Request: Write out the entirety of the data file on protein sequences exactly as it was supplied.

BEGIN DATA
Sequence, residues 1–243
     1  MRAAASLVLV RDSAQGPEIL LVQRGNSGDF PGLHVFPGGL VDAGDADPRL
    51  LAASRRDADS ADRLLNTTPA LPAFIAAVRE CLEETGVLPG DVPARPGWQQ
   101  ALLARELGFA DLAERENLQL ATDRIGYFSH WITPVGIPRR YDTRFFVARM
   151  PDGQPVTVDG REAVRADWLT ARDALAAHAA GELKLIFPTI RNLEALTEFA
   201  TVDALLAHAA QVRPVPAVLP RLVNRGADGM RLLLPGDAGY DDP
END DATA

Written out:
Sequence, residues 1–243
     1  MRAAASLVLV RDSAQGPEIL LVQRGNSGDF PGLHVFPGGL VDAGDADPRL
    51  LAASRRDADS ADRLLNTTPA LPAFIAAVRE CLEETGVLPG DVPARPGWQQ
   101  ALLARELGFA DLAERENLQL ATDRIGYFSH WITPVGIPRR YDTRFFVARM
   151  PDGQPVTVDG REAVRADWLT ARDALAAHAA GELKLIFPTI RNLEALTEFA
   201  TVDALLAHAA QVRPVPAVLP RLVNRGADGM RLLLPGDAGY DDP